Installing a backyard swimming pool offers homeowners a place to play and relax, but it also brings with it a good deal of work and expense. Some homeowners, in an effort to reduce the amount of chemicals they have to use and store, choose to install a saltwater swimming pool instead of treating the water with chlorine.
While the name "saltwater swimming pool" conjures up an image of a pool filled with water pumped in directly from the ocean, saltwater swimming pools have nothing to do with seawater. Saltwater swimming pool refers to the method of treating the water; instead of adding chlorine to treat the swimming pool water, saltwater pools make their own chlorine by passing the water through a chlorine generator that kills bacteria and sanitizes the pool.
How Saltwater Pools Work
Saltwater pools are filled with a saltwater solution that runs continuously through a chlorine generator. The chlorine generator has two electrically-charged titanium plates. When the water runs through the charge field, a chemical process produces chlorine and hydrogen, which then flows back into the pool and kills and bacteria and other biological growth in the pool. In time, sunlight reflecting on the pool breaks down the chlorine and the pool filters take care of the remaining microscopic bacteria and biological matter.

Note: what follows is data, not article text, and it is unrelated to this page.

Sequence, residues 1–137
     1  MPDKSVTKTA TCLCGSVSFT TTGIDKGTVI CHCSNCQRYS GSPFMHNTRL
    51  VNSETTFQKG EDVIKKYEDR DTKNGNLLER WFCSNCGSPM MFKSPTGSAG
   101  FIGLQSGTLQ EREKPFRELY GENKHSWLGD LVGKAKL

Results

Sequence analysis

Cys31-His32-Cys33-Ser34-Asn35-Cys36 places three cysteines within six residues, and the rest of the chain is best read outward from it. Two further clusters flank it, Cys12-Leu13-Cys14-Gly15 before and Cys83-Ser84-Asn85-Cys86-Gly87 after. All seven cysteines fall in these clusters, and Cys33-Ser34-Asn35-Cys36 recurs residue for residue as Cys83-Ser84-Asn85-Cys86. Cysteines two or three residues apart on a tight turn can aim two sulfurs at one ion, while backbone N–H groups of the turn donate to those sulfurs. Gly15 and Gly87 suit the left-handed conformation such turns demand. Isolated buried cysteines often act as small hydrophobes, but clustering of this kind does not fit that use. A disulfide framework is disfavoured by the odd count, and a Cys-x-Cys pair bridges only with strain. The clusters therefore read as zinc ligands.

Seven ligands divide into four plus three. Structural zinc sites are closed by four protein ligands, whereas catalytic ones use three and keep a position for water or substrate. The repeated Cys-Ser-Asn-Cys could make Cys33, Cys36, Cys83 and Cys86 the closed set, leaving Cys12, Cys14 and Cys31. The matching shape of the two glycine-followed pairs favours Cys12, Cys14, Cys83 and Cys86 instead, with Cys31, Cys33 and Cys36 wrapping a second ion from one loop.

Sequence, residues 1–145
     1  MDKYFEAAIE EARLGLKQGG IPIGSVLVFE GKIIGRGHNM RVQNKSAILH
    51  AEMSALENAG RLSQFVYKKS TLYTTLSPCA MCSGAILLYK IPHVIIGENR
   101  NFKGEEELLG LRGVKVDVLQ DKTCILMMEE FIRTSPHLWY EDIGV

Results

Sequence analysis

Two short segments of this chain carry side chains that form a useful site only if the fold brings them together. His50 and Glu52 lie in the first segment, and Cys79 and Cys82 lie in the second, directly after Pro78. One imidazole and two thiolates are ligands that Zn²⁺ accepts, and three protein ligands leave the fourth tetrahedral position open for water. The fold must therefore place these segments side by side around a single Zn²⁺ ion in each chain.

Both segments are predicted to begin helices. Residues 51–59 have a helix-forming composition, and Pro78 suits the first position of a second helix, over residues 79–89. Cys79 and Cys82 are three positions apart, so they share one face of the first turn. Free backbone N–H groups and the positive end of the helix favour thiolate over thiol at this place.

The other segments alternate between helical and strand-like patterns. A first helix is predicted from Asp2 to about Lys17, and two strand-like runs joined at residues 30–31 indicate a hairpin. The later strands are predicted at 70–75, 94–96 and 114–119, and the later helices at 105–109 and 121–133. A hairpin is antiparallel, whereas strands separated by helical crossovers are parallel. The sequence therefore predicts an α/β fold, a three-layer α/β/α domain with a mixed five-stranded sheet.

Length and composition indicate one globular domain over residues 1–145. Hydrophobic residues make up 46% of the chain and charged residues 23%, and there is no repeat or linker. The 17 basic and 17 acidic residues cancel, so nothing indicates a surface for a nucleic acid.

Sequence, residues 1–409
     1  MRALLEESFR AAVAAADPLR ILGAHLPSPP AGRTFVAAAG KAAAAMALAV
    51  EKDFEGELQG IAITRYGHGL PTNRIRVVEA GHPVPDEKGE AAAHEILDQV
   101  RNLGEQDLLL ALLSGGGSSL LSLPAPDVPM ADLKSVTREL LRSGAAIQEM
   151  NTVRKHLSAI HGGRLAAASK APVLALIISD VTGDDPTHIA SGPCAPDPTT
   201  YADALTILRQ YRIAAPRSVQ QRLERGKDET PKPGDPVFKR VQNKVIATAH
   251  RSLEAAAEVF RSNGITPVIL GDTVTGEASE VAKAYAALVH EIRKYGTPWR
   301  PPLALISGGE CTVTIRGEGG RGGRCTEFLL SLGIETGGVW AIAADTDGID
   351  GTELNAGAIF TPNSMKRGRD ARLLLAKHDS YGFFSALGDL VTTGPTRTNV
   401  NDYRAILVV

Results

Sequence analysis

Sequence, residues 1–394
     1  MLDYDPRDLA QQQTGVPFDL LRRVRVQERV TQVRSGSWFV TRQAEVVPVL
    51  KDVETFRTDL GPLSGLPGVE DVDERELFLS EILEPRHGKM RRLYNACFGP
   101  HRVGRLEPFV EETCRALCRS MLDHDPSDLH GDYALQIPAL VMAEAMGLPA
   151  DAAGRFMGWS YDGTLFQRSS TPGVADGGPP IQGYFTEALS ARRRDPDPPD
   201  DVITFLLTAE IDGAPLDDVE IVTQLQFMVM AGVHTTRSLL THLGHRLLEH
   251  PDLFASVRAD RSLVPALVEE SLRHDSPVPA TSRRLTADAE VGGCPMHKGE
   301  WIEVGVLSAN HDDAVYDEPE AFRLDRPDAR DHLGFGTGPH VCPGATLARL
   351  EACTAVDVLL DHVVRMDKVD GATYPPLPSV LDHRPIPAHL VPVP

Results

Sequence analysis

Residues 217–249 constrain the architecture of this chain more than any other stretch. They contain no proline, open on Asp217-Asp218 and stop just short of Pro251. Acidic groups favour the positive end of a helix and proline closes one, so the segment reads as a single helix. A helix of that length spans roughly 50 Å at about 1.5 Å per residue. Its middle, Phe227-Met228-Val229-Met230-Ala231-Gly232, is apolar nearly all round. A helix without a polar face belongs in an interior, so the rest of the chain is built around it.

Saltwater pools have several advantages over traditionally chlorinated pools. The water in saltwater pools tends to be softer, does not leave a residue on the skin like traditional pools and it doesn't have a strong chlorine smell. Swimming in a saltwater pool is less likely to dry out your skin and hair and will not burn or cause redness in your eyes. Saltwater pool maintenance is less expensive and potentially dangerous than traditional pool maintenance as you do not have to purchase and store pool chemicals.
Saltwater pools do have some drawbacks. The initial cost of installing the pool and filter is generally higher than that of traditional pools, which offsets some of the long-term maintenance savings. Some saltwater pool owners report damage to the filters, pumps and chlorine generator caused by the high salt content in the water. Rainwater can dilute the water significantly, meaning that you need to continuously check the salt levels and add more as necessary. Saltwater pools are not maintenance free and require the same cleaning as a regular pool by removing leaves and other debris, brushing the pool sides and cleaning and emptying the filters and filter baskets.